Husayn, Shariati and Fanon

Compare and contrast the “classical” narrative of Imam Husayn at Karbala with Ali Shariati’s narrative. How do you account for the differences? Obviously a good answer makes reference to Franz Fanon’s Wretched of the Earth (2005).

In the earlier narratives of Karbala the primary focus was the idea of redemption in mourning the suffering of Husayn. Husayn’s martyrdom at Karbala was seen as the fulfillment of the broader prophetic mission and connected to the persecution of previous prophets. In Vaiz Kashefi’s text circa 1502 the prominent figures of Karbala were not a symbolic set of political role models but religious ideals to be remembered and commemorated. The idea of Husayn rebelling against injustice and oppressive rulers was manifestly absent in these texts. This was seen as the responsibility of the last imam, the Mahdi, to avenge the death of Husayn. In these Safavid texts the mains villains in the Karbala narratives were the Sunnis, as they were also in the actual Safavid political context.

However just because did not inform the earlier Safavid narratives did not have agentative connotations does not imply that they did not exist as a  significant part of the story of Karbala elsewhere. The Abbasids and the Zaydis had both appropriated the Karbala symbols for their own campaigns.  It can be said then that such opinions are best understood by the political contexts that they are used in. These early texts did not contest the legitimacy of the ruling elite and instead focused on idealizing  ‘patience and perseverance instead of action ‘ perhaps because the authors themselves were part of the ruling elite who were wanted to maintain a status quo or were trying to appease their rulers. Conversely in 1960 Najafabadi’s revision of the Karbala narrative and his opponents like Gulpaygani gave it political agency by ridding it of the ‘symbolically static interpretations’ in order to oppose the Shah’s regime. In this sense the Karbala narrative was appropriated for  political motives.

Such politicization of the Karbala narrative took place manifestly during the Pahlavi regime, when Husayn was inscribed with a political agency. The oppositional political discourse presented by the Karbala Paradigm as ‘a historic rebellion against corrupt leadership’ worked well for the dissidents who recast themselves as the suffering martyrs of Karbala while the Shah became the personification of Yazid or Muawiyyah. The meta-narrative of Karbala which informed and influenced social and political discourse was revised from the dual opposition of pious and loyal Shia followers vs the disloyal followers and evil Sunni forces to become an opposition between just Muslims and unjust Empire. It is significant to note that this reinterpretation of the Karbala narrative in revolutionary terms met with resistance from the orthodox clergy who labeled it as ‘heresy’ and ‘refuted’ their arguments.

It was in this context that Shariati’s unorthodox revolutionary interpretations of Shi’ism which used the symbolism of Karbala to condemn the Shah’s regime was rejected by the ulema. For Shariati(20005)  the most important dimension in Islam was political and he sought to transform Islam into an ideology in order to galvanize the revolutionaries of his time. All the while he highlighted the centrality of Karbala, saying that  ‘Every place should be turned into Karbala, every month into Moharram and everyday into Ashura’. Islam was seen as a struggle against the conservative tribal social order and he traces the origins of revolution back to the Prophets. In his narrative the revolution against conservatism that was initiated by Prophet Mohammad was in danger and Husayn’s sacrifice ultimately showed the world the right path. But Shariati lamented the loss of the revolutionary spirit saying that Islam has changed from a revolutionary movement that was opposed to aristocracy, class, tribe, race, despotism, and exploitation …. into ‘the opiate of the masses’, so much so that Islam was used to legitimize the wrongdoings of the elite.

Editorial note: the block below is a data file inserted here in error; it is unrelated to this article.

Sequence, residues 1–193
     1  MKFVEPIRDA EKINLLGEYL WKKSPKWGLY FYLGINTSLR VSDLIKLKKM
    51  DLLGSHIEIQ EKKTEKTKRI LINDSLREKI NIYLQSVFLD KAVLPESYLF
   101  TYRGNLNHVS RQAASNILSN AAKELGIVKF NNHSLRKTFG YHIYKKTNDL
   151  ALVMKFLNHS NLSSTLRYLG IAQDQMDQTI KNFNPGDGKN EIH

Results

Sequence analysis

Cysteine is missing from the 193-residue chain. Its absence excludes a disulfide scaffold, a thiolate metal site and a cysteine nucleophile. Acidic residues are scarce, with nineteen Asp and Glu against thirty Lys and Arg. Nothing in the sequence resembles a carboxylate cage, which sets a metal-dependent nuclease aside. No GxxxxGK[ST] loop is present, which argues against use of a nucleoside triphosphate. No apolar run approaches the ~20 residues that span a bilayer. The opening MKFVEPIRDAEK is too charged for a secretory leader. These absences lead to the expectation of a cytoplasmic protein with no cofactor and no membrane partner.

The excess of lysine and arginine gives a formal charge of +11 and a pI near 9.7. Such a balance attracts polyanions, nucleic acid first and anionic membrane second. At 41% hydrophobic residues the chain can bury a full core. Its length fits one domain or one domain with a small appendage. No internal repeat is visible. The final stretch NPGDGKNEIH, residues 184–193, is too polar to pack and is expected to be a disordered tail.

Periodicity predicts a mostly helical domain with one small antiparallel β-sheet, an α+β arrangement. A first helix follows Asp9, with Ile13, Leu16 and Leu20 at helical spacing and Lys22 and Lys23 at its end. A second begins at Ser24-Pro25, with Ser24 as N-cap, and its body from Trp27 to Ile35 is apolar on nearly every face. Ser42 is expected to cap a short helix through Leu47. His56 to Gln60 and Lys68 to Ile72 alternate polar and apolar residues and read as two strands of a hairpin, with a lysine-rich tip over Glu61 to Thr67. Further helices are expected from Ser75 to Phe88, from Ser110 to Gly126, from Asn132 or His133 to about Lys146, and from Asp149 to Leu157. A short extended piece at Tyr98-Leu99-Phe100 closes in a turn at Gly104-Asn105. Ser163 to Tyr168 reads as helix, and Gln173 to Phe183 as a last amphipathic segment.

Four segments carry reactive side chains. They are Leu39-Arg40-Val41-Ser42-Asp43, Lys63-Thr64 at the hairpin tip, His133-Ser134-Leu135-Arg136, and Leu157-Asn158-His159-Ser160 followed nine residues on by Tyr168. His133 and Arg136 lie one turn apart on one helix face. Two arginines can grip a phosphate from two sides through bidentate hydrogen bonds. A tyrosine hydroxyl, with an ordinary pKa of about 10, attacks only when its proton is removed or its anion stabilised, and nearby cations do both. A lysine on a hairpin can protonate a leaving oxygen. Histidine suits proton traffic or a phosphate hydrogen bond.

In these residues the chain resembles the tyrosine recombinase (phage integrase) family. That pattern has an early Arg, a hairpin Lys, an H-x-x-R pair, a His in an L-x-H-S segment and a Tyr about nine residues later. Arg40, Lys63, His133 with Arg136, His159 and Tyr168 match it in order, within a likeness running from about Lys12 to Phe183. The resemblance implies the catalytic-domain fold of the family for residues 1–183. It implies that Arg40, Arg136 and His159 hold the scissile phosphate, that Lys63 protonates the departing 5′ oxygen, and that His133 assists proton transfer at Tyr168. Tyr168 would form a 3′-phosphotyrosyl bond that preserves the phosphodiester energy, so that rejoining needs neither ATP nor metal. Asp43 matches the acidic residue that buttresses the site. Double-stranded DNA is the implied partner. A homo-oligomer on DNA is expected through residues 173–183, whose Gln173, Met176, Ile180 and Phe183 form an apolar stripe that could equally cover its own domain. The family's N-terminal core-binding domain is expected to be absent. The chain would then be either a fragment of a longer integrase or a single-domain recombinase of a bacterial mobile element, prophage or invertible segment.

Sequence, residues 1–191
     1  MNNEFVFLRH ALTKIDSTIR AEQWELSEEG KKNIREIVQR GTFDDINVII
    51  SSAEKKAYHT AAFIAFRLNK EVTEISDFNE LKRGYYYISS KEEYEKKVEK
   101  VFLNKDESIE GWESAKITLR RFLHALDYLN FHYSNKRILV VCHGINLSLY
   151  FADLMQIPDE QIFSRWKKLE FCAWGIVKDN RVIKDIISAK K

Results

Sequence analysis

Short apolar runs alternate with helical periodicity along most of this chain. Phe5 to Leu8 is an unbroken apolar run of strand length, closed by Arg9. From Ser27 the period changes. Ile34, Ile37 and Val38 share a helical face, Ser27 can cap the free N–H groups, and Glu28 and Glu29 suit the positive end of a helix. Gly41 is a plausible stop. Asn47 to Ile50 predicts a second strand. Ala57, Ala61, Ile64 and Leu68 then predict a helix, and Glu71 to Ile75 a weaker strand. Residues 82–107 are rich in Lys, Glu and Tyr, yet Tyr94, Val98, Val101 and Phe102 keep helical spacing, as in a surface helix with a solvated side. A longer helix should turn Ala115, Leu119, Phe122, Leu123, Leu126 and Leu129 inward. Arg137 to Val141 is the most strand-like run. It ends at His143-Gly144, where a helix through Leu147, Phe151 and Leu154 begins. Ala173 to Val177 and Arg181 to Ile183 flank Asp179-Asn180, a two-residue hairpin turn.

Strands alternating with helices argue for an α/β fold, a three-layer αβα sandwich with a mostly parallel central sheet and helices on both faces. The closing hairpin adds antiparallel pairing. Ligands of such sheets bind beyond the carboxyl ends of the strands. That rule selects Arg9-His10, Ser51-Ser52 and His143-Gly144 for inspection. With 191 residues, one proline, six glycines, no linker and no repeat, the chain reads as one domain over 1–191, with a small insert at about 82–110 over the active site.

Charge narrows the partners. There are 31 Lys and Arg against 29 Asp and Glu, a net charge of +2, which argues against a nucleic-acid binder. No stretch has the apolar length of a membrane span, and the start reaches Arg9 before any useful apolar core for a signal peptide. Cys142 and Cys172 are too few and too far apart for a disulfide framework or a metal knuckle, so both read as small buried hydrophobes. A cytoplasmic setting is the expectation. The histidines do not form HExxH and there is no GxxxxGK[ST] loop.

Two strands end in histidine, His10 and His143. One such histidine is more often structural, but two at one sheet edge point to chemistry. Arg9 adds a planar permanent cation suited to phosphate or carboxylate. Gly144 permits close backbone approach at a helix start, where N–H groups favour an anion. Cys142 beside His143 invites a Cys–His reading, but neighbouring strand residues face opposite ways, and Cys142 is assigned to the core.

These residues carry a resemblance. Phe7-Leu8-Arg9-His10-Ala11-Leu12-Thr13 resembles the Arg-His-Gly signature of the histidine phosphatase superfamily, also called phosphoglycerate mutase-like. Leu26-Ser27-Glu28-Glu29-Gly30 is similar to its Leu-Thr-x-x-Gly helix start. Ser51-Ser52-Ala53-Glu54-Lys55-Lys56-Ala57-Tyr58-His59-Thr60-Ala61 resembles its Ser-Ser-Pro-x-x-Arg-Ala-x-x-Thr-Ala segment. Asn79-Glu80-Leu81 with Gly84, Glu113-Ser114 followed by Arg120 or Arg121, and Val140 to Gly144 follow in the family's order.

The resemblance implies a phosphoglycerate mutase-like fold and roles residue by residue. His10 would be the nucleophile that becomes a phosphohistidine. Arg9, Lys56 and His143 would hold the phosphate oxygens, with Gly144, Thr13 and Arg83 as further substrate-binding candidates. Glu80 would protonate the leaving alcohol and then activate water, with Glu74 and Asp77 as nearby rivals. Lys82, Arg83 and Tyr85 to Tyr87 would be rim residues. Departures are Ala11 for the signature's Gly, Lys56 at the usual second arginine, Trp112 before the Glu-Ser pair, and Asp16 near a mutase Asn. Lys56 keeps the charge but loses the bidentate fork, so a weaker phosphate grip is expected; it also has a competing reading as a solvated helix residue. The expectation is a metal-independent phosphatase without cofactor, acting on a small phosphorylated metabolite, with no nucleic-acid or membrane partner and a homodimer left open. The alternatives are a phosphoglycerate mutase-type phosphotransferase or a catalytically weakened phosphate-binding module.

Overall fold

Shariati entertwined the Karbala rhetoric with revolutionary context and foregrounded the notions of shahadat and jihad in this narrative saying, “Husayn introduces shahadat as a principle above jihad and a duty when jihad is not a feasible alternative”. He attributed Husayn’s martyrdom not to any weakness but rather to dignity under oppression. In this sense his views resonate with those of Fanon who spoke of the oppression of the colonized people  as ‘not a lack of heroism but a fundamentally different international situation’ which they faced with dignity. According to Fanon,  ‘They fought as best with the weapons they possessed at the time’.

Furthermore Shariati combined the symbolism of jihad, uprising and martyrdom with the notions of  liberation of the masses of humanity, universal class struggles and anti-imperialist rhetoric to make the Karbala narrative more actionable. But immersing religion within such ideological contexts can be seen as problematic.  No ideology is universal for all times and when an ideology fails it has the potential to taint the religion along with it. This can be understood to some extent in the light of Fanon’s arguments.

Fanon seems to believe that rather than there being a universal goal for all to attain, all generations have their own distinct narratives which they must interpret according to the demands of their times, when he says that ‘Every generation must find its mission, fulfill it or betray it’. In this sense theKarbalanarrative was seen as a mission which was to be fulfilled or betrayed depending on the agency of the followers. However when the Shah was finally overthrown and the mission ‘fulfilled’ it did not lead to any permanent fulfillment but rather to further disillusionment for the followers of Shariati and such.

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